Where is the washout time constant and , , and are the gains of the PID controller. There unknown parameter , , and can be determine as follows. From equations (31) and (32) obtain

(34)

(35) Combining equations (33),(34), and (35), to get

(36)

The eigenvalues of the closed-loop system equipped with PID controller are then the solutions of the

=0 (37)

Therefore, a set of four simultaneous algebraic equations with four unknown variables , , and can be obtained by substituting four pre-specified eigenvalues and into equation (37). The desired controller parameters , , and are then computed by solving these four algebraic equations. Usually, the pre-specified eigenvalues are obtained by shifting the four badly-damped eigenvalues leftward. As a result, the damping of the system could be improved through this eigenvalues shifting process since the eigenvalues of the closed-loop system have been shifted to more desirable pre-specified locations.

The eigenvalues of the closed-loop system equipped with such a fixed-gain PID controller are functions of the six constants which, in turn are functions of generator loading conditions. Hence these eigenvalues would deviate from the pre-specified values as long as the loading condition is different from the nominal condition. To show this phenomenon clearly figure (4) show the system pole locations with the loading conditions. The movement of the system dominant roots are according to the change in the loading conditions, are shown in figure (4).

Figure(4) Pole Shifting With Change in the Operating Point.

Simulation Studies

Consider the single machine infinite bus system. The most commonly used linearized model [P.M. Anderson, A.A. Fouad-1977] with voltage regulator and exciter included is shown in figure(2). The system desired response is selected to give a damping factor (0.3) and un-damped natural frequency (1.265 rad/sec), then the system dominant roots are (-0.4±j1.2), note that the characteristic equation of the closed-loop system is a 5th order, then construct the desired characteristic equation for the system and solving the resultant simultaneous algebraic equations to get the desired pole locations. Many case studies were performed to show the effect of changing the system conditions on the controller performance. Note that the eigenvalues of the closed-loop system are functions of generator loading conditions. Hence, these eigenvalues would deviate from the pres-specified values as long as the loading condition is different from the nominal condition, eigenvalue study is carried to show the effect of the loading conditions on the system eigenvalues as shown in figure(4), which show that at certain loading condition the system become unstable. A sample of the simulation results applying the above three controller techniques is presented as shown in figure(5)-figure(7). Figure(5), Figure(6), and Figure(7) shows the angular speed error using PID, self-tuning, and adaptive model reference power system stabilizer, when the system running under nominal operating conditions (a) (active power (P)=1.0 p.u, Reactive power (Q)=0.62 p.u. and a power factor (pf)= 0.85 lagging), (b) shows the angular speed error when the operating conditions are changed to ( P=0.5 p.u., Q= - 0.24 p.u. and pf=0.9 leading), (c) shows the angular speed error when the operating conditions are changed to (P = 1.1 p.u., Q= - 0.73 p.u., and pf= 0.9 leading). The system response in case of a three-phase fault at the midpoint of one of the two transmission lines (P = 1 p.u., Q = 0.62) p.u.) are shown in (d), and (e) shows the angular speed error response with pre-fault and post -fault conditions.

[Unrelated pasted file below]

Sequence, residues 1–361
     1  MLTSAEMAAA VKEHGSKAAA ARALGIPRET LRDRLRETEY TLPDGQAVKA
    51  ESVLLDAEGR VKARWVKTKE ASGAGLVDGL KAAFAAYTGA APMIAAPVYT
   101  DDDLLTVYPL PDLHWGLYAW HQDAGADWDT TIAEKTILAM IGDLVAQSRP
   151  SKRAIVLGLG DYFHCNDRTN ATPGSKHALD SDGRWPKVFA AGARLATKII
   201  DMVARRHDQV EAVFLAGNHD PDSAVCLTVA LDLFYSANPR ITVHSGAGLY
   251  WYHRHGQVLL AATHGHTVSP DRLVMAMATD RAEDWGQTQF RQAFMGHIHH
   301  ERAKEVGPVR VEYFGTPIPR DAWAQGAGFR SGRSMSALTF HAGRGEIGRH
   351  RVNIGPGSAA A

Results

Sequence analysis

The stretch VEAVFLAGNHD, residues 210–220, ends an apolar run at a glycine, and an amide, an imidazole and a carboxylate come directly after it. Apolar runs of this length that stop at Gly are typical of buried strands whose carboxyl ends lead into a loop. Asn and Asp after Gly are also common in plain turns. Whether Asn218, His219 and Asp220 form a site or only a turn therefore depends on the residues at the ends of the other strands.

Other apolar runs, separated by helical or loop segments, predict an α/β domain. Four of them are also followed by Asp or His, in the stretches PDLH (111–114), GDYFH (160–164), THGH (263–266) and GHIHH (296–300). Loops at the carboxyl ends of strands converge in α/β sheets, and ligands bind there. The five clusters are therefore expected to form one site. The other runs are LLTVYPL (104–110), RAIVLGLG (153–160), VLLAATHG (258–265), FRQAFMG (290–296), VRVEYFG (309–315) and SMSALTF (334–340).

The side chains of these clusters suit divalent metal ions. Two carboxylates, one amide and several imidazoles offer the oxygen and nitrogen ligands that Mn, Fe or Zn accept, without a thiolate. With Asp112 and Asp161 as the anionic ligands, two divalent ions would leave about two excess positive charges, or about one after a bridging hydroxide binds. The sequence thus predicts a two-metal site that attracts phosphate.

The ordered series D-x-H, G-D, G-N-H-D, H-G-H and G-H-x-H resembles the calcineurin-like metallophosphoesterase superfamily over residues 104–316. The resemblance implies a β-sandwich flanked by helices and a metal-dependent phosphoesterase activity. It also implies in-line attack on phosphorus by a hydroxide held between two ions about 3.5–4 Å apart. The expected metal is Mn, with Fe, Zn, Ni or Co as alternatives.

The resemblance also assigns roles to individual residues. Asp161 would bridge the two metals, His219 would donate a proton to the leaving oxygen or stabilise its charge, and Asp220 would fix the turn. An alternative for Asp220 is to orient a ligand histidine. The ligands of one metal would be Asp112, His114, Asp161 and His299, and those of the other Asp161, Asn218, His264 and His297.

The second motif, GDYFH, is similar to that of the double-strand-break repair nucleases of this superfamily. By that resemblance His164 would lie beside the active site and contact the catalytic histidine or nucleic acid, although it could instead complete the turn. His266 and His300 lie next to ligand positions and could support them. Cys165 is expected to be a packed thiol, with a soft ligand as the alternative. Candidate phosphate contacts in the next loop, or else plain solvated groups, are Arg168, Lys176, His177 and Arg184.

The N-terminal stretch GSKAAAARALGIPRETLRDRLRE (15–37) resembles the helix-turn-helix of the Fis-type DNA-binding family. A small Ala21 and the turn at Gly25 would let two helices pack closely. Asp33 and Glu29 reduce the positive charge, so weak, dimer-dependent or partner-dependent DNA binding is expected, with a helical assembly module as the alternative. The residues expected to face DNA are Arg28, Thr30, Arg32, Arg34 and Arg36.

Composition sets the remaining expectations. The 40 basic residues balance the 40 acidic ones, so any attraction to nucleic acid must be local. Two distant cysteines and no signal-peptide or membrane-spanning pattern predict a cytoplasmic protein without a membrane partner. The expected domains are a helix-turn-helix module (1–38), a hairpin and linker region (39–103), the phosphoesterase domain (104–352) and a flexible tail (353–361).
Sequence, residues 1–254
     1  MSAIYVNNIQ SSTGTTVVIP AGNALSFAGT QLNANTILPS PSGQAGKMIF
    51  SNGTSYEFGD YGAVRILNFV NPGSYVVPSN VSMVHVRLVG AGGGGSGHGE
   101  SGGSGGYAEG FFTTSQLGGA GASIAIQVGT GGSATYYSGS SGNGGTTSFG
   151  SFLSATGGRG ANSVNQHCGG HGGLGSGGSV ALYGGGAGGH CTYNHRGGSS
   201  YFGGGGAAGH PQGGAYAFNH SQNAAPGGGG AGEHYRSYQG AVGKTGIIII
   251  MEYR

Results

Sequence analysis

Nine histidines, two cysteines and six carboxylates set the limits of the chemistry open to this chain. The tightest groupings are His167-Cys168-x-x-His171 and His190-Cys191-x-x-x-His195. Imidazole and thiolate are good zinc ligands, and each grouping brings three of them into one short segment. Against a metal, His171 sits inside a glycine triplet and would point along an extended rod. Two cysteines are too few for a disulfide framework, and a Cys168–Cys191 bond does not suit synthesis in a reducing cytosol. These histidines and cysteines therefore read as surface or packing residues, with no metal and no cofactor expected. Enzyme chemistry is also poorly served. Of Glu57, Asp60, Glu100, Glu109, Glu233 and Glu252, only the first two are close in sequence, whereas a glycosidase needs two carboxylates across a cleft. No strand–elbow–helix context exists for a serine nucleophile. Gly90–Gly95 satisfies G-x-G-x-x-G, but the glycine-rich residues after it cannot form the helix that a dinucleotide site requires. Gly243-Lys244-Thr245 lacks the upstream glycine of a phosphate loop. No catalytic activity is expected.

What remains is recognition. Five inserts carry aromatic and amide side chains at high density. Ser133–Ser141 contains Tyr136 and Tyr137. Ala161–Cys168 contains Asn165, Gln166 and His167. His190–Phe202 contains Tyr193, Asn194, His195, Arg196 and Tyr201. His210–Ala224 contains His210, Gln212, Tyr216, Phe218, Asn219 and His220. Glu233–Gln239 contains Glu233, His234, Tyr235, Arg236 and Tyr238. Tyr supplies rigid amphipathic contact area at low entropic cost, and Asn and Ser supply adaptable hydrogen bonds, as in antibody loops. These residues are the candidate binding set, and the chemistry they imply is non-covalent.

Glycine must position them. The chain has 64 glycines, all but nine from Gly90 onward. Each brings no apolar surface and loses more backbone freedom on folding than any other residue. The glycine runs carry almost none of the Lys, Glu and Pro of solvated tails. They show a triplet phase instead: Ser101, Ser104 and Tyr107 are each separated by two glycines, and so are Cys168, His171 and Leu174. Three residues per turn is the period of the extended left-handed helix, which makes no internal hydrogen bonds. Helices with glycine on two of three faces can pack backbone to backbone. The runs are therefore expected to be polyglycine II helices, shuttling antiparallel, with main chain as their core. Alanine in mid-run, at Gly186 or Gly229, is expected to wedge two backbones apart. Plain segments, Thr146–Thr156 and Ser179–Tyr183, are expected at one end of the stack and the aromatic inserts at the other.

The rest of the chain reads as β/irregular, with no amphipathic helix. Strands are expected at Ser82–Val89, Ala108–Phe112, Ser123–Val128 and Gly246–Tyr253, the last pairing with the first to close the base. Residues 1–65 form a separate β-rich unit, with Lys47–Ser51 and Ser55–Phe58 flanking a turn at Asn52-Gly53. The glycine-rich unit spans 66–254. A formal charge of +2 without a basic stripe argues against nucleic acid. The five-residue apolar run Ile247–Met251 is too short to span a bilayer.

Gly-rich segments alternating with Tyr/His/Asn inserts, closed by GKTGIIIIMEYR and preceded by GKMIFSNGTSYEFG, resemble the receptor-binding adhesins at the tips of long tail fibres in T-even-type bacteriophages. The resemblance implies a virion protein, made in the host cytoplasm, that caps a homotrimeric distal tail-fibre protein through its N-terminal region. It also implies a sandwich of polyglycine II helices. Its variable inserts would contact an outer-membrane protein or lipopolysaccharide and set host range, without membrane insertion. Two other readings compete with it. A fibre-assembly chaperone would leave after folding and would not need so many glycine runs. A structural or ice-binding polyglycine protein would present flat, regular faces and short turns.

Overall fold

(a) (b)

(a)Normal Operating Condition P=1pu, Q=0.62pu.

(b) Deviation From Normal Cond. to P=0.5pu , Q= -0.24pu.

(c) (d)

(c) Deviation From Normal Cond. to P=1.1pu, Q= -0.73pu.

(d) Deviation From Normal Cond. to Three-Phase Short Circuit (P=1pu.).

(e) System Response With Pre-Fault and Post -Fault Conditions

Figure(5) The Change in Angular Speed With Fixed Gain PID Power System Stabilizer.

(a) (b)

(a)Normal Operating Condition P=1pu, Q=0.62pu.

(b) Deviation From Normal Cond. to P=0.5pu, Q= -0.24pu.

(c) (d)

(c) Deviation From Normal Cond. to P=1.1pu, Q= -0.73pu.

(d) Deviation From Normal Cond. to Three-Phase Short Circuit (P=1pu)..

(e) System Response With Pre-Fault and Post -Fault Conditions

Figure(6) The Change in Angular Speed With Self-Tuning Power System Stabilizer.

(a) (b)

(a)Normal Operating Condition P=1pu , Q= 0.62pu.

(b) Deviation From Normal Cond. to P=0.5pu, Q= -0.24pu.

(c) (d)

(c) Deviation From Normal Cond. to P=1.1pu, Q= -0.73pu.

(d) Deviation From Normal Cond. to Three-Phase Short Circuit (P=1pu)..

(e) System Response With Pre-Fault and Post -Fault Conditions

Figure(7) The Change in Angular Speed With Model Reference Adaptive Power System Stabilizer.

Conclusions

Conventional fixed-gain power system stabilizer works reasonably well over a medium range of operating conditions. However, the damping may diminish as the generator load changes or the network configuration is altered by faults which lead to deterioration in the stabilizer performance.

A Self-tuning pole-placement and model reference power system stabilizers for the excitation control of a synchronous generator have been presented in this paper. Results from the digital simulation show that adaptive controller can yield good damping characteristic over a wide range of operating conditions while fixed-gain PID controller is sensitive to the variation in the loading conditions. Improvement in transient stability limits can be also achieved by the proposed controllers.